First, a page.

The Canim Lake Band is one of about 18 bands of the Shuswap or Secwepemc people, occupying different parts of the South Cariboo, in an area bordered by Quesnel in the north, Clinton in the south, and the Fraser and Thompson rivers to the west and east.The various bands each had their own dialect of the Shuswap language.
The earliest known documentation of the band was by the Scottish ethnographer, James Teit in 1898-1909, and his observations are still regarded as accurate and correct by the band today. (For more information about Teit and his work see the links below)). Teit often advocated to the government on behalf of First Nations people.
From their main base near the west end of Canim Lake, which is still their present headquarters, the Canim or Ts’qescen people (the name means ‘broken rock’ or ‘when one stone strikes another’), ranged over a wide area. Their territory ranged from around 100 Mile House, to Green Lake, south to Clinton, east to Chu Chua and the Clearwater/Wells Gray area. The people migrated from place to place for different purposes at different times of year, following a network of trails from Green Lake to Bridge Lake, and from Horse Lake to Sheridan Lake and through to Chu Chua.
The Canim people were reputed to excel at fishing, hunting and trapping. As distinct from most other Shuswap bands, the Canim band specialised in fishing lakes and creeks rather than just the major rivers. A fishing camp was established at Bridge Lake which was used during spring, summer and fall, but not in winter. Fishing was often done at night and was called ‘moonlighting’. Fishermen used canoes and coal oil cans were set alight to attract fish to the light. The fish was dried on location.
The Canim people were badly affected by disease: in 1907, 350 people were recorded as living around the Bridge Creek area. By 1911, this had decreased to only 27 people and the settlements at Green Lake and Lac La Hache were completely wiped out.
The band are currently compiling through interviews with band Elders and Shuswap speakers, a detailed documentation of place names, including their present–day transliteration, and their cultural significance to the band. To date, some 7000 interviews have been conducted, with about 70% in digital format. This has a two-fold purpose: for cultural preservation and to record specific details for a dialogue with government agencies over land-use.
Check out the following sites for further reading:
Settlers and Homesteaders
Apart from the First Nations people, the settlement of this area was non-existent until the arrival of the fur traders. The expansion of the fur trade into western Canada by the North West Company and Hudson’s Bay Company started a trickle of exploration by Mackenzie, Thompson and Fraser and the establishment of fur trading posts. Since travel was limited by necessity to rivers and waterways, any settlement was confined to areas close to them. The Fur Brigade trail passed through this area to move furs down to the coast and bring supplies to the trading posts.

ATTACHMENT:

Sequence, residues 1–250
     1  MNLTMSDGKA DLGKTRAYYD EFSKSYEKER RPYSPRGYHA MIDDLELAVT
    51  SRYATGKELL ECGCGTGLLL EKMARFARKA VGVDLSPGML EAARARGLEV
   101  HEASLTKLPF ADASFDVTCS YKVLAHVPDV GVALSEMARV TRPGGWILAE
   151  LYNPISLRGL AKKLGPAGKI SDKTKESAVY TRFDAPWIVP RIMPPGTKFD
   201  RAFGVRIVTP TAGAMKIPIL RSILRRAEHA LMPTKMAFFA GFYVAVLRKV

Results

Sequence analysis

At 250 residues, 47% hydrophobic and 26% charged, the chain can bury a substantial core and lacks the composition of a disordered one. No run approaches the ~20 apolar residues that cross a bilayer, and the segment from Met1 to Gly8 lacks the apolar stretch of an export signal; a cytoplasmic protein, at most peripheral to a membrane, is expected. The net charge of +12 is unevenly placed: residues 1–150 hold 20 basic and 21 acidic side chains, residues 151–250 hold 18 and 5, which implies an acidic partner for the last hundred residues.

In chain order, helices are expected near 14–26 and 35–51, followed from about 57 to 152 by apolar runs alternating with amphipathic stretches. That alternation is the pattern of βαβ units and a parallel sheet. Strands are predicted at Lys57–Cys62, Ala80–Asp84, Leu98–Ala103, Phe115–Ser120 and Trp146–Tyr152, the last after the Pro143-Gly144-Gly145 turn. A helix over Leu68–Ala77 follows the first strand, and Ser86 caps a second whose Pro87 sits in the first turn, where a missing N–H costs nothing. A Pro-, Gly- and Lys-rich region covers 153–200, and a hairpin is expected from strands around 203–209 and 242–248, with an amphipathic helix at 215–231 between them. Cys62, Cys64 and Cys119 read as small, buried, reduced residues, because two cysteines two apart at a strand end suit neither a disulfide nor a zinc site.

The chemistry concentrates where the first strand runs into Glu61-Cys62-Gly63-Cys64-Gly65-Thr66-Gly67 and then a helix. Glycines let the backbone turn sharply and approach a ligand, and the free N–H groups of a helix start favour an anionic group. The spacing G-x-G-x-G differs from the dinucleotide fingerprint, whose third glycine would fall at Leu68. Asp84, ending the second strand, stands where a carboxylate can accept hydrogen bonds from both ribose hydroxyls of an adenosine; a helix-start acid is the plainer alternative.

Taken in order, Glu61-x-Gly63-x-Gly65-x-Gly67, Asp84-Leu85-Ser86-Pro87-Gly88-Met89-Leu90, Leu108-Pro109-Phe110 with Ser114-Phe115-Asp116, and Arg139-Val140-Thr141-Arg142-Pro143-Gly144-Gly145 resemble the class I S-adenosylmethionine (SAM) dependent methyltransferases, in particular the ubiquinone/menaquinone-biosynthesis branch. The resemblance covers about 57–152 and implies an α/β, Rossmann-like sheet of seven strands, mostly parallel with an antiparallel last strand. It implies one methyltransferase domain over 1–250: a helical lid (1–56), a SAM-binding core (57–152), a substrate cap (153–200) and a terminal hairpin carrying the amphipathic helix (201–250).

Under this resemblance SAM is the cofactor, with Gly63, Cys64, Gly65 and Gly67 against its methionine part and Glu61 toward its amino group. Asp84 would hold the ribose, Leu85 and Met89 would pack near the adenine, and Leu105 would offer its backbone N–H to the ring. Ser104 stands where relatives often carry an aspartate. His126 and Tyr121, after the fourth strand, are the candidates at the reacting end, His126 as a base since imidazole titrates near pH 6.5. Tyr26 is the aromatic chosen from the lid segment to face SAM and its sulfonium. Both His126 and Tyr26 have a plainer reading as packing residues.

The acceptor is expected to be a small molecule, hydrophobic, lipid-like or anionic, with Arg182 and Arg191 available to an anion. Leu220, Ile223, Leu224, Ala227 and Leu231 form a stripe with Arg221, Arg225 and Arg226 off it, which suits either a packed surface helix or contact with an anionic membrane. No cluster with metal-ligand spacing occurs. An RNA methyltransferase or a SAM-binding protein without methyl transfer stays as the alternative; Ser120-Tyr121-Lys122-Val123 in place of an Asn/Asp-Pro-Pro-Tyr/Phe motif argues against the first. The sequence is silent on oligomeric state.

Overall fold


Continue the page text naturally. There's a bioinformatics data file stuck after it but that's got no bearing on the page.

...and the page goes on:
In 1858, the Gold Rush began, and over the next ten years, thousands of people moved north to the Cariboo. The building of the Cariboo Wagon Road in 1863 gave rise to numerous small settlements as staging posts and supply centres, with road houses at mileage points, catering to the gold seekers. The growth of the gold rush settlements boosted agricultural settlement as farms and ranches were established to supply fresh meat to the goldfields. As the gold ran out, some decided to settle at various places along the route of the Wagon Road and in surrounding areas. Gradually, the population grew, with a mixture of European settlers and Americans moving north to find land. Many took advantage of the Dominion Lands Act, where settlers could get title to 160 acres of land, (for a fee of $10) subject to land improvements and a commitment to settlement.
The coming of the railway and building of a station and stock yards at Lone Butte in 1919 gave a further boost to the area, as cattle could be shipped from there and supplies brought in without tedious journeys of several days. Road and rail expansion also provided employment to supplement farm income.
The population of the area remained steady, but lack of other sources of employment hindered further growth. The harsh winter climate and isolation of the area, together with fluctuation of cattle prices meant that only those prepared to accept these challenges settled here. The area was affected less than most by the years of the depression, as most households were fairly self-sufficient for food supplies and were used to a marginal lifestyle.
There was no rapid growth of population until the logging industry became commercially developed and provided a further impetus to settlement.
The list below concentrates on books which relate the history of the Cariboo area and especially this community, as seen through the eyes of some long-term residents.
The Bridge Lake branch of the Cariboo Regional District Library, (located in the Bridge Lake School), has an excellent selection of books about the Cariboo-Chilcotin, from the early pioneer days to the present. There are also some back copies of the “Interlaker” which have articles about local families and their contribution to the community.